BBC News highly regarded and trusted but needs to act to maintain reputation with audiences, BBC Trust review finds
The BBC's network news and current affairs is trusted and highly regarded by audiences, and continues to outperform other news providers on a range of measures, a review by the BBC Trust has found.
The review, which looked at the performance of all of the BBC's UK network news and current affairs across TV, radio and online, found that the audiences think the BBC does significantly better than other news providers in providing up-to-date news, being easy to understand, giving in-depth coverage, having expert reporters, and covering a wide range of stories. Four out of five UK adults watch, read or listen to BBC News each week, with BBC TV news alone watched by two-thirds of adults.
The review also found that use of BBC News Online has grown significantly in recent years, with the number of 'unique browsers' doubling from 11 million in 2009 to 22.2 million in 2013, as audiences access BBC News on an increasing number of devices. There has been a significant increase in the number of visits to BBC News Online via mobile and tablet devices, with tablet usage up 75 per cent in a year, and while TV and radio usage remains high there are signs of pressure on these traditional outlets.
However, the review identified a concern that younger audiences' use of broadcast news is continuing to decline, and there is a risk that they may not turn to the BBC as they get older, as has traditionally been the case.
Some audiences said that BBC News can feel 'distant' from their lives in editorial agenda and tone, and there are increased expectations about what BBC News Online should be delivering. The BBC's current affairs programming is seen as being of high quality and keeping audiences informed of issues, but they rate it less well for offering fresh perspectives and covering issues that other channels would not, and audience awareness of the different current affairs programmes is low.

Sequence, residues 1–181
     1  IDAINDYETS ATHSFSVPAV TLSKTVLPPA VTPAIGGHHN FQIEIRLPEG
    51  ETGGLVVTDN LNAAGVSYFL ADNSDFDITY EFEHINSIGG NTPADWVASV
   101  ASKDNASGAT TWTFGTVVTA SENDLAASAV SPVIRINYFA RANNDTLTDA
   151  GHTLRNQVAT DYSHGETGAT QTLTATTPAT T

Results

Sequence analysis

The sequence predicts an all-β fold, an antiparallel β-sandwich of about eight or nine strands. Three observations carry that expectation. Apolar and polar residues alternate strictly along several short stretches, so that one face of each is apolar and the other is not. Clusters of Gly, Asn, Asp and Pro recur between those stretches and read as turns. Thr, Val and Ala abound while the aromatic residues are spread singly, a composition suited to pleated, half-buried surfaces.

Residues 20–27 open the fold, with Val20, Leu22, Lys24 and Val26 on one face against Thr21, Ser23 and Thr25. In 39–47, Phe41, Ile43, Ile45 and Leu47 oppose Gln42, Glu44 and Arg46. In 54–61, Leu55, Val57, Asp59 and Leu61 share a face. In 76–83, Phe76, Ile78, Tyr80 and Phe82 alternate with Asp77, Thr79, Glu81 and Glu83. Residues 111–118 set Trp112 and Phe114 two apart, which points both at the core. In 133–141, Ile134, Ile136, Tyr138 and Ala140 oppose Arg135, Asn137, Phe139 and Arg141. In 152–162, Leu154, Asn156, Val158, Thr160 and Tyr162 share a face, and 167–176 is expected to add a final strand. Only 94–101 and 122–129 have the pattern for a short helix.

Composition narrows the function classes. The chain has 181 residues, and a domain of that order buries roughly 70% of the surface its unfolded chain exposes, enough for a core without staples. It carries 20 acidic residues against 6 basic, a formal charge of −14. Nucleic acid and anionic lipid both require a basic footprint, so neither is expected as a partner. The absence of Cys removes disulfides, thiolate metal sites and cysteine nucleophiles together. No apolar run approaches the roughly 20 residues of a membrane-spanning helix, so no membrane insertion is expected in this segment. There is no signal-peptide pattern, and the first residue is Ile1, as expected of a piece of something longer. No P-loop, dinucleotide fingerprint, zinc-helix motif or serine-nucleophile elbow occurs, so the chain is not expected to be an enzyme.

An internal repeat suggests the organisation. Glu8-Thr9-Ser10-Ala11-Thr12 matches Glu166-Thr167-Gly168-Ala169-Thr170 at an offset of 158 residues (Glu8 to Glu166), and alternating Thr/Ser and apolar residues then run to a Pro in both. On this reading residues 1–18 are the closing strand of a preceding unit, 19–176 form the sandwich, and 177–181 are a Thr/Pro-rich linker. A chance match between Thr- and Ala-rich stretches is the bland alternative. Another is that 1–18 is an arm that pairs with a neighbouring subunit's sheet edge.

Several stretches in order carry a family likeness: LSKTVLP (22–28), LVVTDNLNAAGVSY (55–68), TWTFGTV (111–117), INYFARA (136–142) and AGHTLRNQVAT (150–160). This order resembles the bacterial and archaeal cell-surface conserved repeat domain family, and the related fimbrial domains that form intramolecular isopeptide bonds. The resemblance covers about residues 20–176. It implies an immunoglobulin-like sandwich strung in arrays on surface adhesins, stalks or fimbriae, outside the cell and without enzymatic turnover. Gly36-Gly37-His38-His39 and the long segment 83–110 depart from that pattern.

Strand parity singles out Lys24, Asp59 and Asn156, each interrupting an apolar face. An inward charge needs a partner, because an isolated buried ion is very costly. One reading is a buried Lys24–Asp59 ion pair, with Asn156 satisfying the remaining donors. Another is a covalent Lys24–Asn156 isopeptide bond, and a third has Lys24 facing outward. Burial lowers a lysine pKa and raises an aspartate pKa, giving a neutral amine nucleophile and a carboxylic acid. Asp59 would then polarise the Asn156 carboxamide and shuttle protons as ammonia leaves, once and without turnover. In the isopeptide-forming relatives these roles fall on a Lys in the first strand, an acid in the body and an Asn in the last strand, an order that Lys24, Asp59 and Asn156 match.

This is the first time that the Trust has reviewed all of the BBC's network news and current affairs in the round. Along with independent audience research, more than 9,000 people contributed to a public consultation as part of the review, the latest in the Trust's rolling programme of reviews of every BBC service.
As a result of its findings the Trust has set out a number of actions for the BBC Executive, including:
- Developing its online and mobile news provision so that it remains relevant for audiences in a rapidly-changing market;
- broadening the agenda and tone of BBC News to address audience concerns that it can sometimes feel 'distant' from their lives. This includes making more use of regional and local reporters on national network news, and making further progress in creating a more diverse workforce both on and off air;
- Increasing the impact of its current affairs output, with commissioning decisions driven by the significance and relevance of the subject matter and the insight offered to audiences;
- Ensuring that a wider range of international stories are available to audiences in the UK, making better use of the scale of the BBC's foreign newsgathering resources.
BBC Trustee Richard Ayre said:
“The challenges faced by BBC News in retaining its audiences and its reputation are by no means unique to the BBC, but the corporation's obligation to serve everyone means it must do better than other broadcasters.
“Though news and current affairs are performing extremely well, the issues we've asked the BBC to address will help them to keep pace with changing audiences and unprecedented technological shifts. None of this is about radical or sudden changes in editorial direction, it's simply ensuring the BBC is fleet of foot in responding to the challenges ahead.”
The Trust's report and all the supporting evidence can be found here:
Notes to Editors
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